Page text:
Dynamical modeling of viral spread in spatially distributed populations
Henry Tuckwell and Laurent Toubiana
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Submission date: 10. Nov. 2005
published in: Biosystems, 90 (2007) 2, p. 546-559
DOI number (of the published article): 10.1016/j.biosystems.2006.12.006
with the following different title: Dynamical modeling of viral spread in spatially distributed populations : stochastic origins of oscillations and density dependence
Keywords and phrases: viral dynamics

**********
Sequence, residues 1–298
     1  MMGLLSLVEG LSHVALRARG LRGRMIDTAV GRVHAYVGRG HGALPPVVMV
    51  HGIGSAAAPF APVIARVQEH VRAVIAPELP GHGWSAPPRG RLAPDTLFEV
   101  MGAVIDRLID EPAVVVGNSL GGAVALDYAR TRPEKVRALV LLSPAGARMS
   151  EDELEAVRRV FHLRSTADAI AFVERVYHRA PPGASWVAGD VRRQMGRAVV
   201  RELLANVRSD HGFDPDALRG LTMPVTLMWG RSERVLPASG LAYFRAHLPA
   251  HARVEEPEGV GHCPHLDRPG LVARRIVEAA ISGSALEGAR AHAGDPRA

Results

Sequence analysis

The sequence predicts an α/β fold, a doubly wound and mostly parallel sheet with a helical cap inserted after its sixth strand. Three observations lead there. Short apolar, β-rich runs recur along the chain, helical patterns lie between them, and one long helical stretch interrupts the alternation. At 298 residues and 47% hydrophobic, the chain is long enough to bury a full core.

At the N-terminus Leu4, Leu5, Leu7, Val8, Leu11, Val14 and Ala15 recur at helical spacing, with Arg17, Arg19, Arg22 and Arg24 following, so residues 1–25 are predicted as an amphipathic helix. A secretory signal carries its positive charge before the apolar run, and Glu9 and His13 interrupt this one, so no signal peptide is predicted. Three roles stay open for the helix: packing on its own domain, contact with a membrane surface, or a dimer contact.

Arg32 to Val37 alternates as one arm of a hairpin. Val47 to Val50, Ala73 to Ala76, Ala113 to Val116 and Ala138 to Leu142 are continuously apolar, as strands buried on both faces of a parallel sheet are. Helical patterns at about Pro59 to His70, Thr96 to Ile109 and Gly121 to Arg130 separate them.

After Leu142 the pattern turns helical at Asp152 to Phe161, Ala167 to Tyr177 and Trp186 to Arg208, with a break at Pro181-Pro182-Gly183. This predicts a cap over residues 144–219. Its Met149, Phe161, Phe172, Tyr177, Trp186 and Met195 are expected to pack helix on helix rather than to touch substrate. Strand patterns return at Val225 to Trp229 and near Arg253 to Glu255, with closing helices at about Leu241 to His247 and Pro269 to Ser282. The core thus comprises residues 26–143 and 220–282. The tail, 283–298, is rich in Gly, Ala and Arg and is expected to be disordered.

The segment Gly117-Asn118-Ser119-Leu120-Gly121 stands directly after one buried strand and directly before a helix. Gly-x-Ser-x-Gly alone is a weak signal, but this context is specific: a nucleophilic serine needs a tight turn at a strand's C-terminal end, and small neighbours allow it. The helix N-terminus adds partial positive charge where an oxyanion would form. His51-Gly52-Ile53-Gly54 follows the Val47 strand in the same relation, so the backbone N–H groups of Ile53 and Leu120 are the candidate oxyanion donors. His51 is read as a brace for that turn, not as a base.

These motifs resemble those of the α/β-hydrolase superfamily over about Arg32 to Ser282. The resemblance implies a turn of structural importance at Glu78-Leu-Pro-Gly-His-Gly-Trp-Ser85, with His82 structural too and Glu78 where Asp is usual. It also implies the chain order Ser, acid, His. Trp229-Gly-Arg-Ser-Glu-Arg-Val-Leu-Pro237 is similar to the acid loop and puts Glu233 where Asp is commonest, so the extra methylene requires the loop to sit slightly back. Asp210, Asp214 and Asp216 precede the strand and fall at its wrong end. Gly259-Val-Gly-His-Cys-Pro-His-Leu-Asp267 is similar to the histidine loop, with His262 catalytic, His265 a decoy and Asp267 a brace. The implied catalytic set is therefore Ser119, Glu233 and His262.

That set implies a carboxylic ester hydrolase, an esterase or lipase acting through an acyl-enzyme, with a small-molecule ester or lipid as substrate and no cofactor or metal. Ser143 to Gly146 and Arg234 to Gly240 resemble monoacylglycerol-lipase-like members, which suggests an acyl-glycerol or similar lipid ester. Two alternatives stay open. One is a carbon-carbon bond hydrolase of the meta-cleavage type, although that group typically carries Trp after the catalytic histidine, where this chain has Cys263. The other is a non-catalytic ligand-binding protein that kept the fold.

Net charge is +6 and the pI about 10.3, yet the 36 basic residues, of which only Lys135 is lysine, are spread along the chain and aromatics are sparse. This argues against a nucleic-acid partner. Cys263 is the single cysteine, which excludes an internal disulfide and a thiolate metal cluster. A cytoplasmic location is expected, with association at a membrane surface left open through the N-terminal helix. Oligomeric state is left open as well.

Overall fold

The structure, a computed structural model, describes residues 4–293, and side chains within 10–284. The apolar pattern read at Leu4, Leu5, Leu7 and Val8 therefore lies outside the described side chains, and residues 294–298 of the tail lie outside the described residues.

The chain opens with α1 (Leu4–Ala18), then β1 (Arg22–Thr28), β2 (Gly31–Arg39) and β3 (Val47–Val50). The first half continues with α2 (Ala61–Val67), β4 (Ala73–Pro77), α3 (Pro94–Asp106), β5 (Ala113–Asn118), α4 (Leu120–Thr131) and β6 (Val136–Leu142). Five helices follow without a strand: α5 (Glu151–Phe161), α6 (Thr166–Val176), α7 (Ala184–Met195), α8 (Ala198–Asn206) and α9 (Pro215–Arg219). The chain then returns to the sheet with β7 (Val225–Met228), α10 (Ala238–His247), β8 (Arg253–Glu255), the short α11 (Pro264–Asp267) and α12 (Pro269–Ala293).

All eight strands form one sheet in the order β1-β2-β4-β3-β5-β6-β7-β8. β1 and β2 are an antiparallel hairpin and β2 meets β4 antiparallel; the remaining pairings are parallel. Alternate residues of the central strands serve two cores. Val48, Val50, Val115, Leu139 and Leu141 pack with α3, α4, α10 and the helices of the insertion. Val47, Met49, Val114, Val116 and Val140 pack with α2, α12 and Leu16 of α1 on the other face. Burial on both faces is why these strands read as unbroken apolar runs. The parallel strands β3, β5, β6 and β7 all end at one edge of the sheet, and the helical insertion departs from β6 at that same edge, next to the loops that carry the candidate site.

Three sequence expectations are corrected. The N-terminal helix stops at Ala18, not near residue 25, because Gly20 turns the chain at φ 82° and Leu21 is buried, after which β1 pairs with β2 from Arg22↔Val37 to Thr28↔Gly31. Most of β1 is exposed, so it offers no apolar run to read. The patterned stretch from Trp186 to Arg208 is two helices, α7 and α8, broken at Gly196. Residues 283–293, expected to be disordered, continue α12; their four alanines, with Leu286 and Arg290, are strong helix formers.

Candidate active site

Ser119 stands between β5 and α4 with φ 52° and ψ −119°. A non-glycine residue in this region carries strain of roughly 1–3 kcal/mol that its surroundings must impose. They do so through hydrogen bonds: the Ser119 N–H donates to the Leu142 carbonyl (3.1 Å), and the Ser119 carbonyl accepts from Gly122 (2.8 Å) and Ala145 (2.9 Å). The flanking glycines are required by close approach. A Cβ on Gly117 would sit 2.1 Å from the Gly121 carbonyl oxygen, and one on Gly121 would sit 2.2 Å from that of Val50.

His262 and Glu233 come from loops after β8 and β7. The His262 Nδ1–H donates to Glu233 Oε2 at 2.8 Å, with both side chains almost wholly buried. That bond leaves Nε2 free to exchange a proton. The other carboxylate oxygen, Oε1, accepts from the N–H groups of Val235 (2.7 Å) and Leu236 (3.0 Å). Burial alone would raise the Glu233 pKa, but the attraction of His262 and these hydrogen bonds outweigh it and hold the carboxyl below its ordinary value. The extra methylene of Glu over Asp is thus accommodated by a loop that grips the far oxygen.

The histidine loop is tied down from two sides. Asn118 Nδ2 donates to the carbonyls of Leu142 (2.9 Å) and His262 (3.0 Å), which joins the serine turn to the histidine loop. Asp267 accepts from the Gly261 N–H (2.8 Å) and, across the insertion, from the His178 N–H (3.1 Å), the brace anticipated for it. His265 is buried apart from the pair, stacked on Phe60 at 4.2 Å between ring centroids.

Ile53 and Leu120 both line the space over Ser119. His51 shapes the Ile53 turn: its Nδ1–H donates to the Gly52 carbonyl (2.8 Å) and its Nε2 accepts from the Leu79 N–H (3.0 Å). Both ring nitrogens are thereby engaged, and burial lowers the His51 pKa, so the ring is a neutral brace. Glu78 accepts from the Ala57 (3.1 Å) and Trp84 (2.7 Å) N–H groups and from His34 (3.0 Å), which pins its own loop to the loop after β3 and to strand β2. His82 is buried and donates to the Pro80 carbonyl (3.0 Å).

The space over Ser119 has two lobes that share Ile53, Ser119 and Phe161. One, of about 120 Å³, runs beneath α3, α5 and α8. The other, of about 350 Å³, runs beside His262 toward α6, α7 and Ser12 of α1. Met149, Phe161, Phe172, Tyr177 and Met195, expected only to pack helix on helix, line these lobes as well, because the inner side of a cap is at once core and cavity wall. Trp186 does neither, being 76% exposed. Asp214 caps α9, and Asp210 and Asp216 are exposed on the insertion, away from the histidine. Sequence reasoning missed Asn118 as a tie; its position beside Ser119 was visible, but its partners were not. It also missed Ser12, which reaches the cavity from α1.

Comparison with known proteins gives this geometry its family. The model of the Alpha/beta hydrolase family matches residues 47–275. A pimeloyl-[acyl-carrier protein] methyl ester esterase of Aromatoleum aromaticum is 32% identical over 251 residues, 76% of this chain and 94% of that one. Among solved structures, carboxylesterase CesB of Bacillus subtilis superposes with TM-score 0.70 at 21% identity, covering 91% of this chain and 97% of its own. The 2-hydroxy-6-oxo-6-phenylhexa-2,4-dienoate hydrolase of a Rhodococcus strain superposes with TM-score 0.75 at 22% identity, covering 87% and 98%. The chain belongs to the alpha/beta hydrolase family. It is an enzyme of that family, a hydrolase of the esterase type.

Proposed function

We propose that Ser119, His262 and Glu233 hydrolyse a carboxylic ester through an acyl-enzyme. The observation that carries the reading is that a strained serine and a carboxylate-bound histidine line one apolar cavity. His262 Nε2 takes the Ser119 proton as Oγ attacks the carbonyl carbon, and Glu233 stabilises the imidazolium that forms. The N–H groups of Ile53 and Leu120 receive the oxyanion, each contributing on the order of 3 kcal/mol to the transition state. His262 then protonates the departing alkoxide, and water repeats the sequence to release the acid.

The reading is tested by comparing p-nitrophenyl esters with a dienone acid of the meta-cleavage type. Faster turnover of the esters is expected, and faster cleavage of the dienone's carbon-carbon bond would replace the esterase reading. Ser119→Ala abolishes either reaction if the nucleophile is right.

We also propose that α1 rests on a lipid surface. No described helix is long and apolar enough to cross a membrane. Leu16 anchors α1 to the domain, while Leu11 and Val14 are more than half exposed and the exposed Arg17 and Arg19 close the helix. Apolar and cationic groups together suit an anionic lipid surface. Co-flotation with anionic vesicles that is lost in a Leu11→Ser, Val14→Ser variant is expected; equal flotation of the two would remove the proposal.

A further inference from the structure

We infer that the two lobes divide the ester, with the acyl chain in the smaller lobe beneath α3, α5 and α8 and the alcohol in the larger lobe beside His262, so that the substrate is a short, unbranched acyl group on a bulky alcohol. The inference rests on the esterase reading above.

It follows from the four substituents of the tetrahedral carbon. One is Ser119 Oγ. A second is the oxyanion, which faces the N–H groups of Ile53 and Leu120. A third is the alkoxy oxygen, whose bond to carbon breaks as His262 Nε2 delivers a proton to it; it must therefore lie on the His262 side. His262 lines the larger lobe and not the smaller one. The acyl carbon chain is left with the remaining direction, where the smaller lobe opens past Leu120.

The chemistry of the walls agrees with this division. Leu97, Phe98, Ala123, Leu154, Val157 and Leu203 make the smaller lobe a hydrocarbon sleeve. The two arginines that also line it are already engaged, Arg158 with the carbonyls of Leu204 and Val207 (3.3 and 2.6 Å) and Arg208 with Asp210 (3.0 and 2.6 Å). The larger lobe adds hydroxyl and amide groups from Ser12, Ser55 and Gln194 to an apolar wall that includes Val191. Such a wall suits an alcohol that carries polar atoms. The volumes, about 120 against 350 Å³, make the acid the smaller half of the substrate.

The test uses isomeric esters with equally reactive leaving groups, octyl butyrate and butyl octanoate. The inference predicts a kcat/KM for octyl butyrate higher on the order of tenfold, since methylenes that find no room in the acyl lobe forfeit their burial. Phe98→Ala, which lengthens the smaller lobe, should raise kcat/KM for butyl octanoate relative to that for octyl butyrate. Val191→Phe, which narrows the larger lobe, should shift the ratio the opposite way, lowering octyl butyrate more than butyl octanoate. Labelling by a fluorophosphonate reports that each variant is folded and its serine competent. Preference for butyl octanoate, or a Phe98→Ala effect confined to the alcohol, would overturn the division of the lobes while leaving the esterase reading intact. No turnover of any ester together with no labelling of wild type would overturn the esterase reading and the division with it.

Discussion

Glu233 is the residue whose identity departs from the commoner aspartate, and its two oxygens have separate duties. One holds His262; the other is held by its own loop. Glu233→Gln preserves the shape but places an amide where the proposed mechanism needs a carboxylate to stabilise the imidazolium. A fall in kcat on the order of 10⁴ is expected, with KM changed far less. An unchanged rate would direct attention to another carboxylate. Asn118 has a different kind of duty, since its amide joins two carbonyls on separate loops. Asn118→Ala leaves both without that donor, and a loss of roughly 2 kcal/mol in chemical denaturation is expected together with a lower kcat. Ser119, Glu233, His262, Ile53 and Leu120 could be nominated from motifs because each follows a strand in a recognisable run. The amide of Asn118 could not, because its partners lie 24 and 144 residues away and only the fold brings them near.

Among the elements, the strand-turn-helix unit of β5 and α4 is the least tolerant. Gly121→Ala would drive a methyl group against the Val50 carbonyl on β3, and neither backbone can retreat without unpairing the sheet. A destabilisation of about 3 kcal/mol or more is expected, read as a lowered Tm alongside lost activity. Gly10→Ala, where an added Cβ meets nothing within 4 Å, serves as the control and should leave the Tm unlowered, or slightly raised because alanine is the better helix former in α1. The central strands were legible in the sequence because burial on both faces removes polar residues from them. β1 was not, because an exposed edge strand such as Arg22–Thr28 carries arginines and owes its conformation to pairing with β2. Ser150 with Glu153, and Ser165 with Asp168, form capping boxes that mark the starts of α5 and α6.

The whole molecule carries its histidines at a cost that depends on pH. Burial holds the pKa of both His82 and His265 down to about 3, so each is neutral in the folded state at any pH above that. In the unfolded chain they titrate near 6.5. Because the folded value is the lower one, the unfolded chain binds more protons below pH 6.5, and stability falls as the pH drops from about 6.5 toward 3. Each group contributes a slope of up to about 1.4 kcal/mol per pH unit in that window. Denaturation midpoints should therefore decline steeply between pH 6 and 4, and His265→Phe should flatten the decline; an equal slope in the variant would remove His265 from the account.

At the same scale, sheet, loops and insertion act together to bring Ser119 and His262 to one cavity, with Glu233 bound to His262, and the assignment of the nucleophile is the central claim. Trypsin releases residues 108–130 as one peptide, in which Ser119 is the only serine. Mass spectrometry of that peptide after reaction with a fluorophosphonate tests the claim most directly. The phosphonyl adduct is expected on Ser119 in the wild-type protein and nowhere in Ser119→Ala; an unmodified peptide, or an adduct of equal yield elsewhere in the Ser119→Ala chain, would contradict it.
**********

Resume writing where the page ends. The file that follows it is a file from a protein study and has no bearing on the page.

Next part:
In order to understand the structure of epidemiological data beyond that permitted with classical SIR type models, a new mathematical model for the spread of a viral disease in a population of spatially distributed hosts is described. The positions of the hosts are randomly generated in a rectangular habitat. Encounters between any pair of individuals are according to a homogeneous Poisson process with a mean rate that declines exponentially as the distance between them increases. The contact rate allows the mean rates to be set at a certain number of encounters per day on average. The relevant state variables of each individual at any time are given by the solution of a pair of standard coupled ordinary differential equations for the virus and an immune system effector. Transmission is assumed to depend on the viral loads in donors and a temporal window which is disease specific. In simulated solutions we choose a constant temporal transmission factor. The implementation of the model is described in detail in Section 3. The initial conditions are such that one randomly chosen individual carries a randomly chosen amount of the virus, whereas the rest of the population is uninfected. Simulations reveal local or whole-population responses, and the latter may be in the form of single occurrences or multiple occurrences, sometimes in a roughly periodic pattern. The mechanisms of this oscillatory behaviour are analyzed in terms of three parameters, of the many dynamical and demographic parameters, in the first instance. These are , the probability that an encounter between an infected and another host, results in viral transmission; the population density N, and the quantity which is a threshold viral load required for viral growth in a newly infected host. A large number of trials is performed to examine the roles of these parameters in producing multiple outbreaks and these roles are analyzed in detail.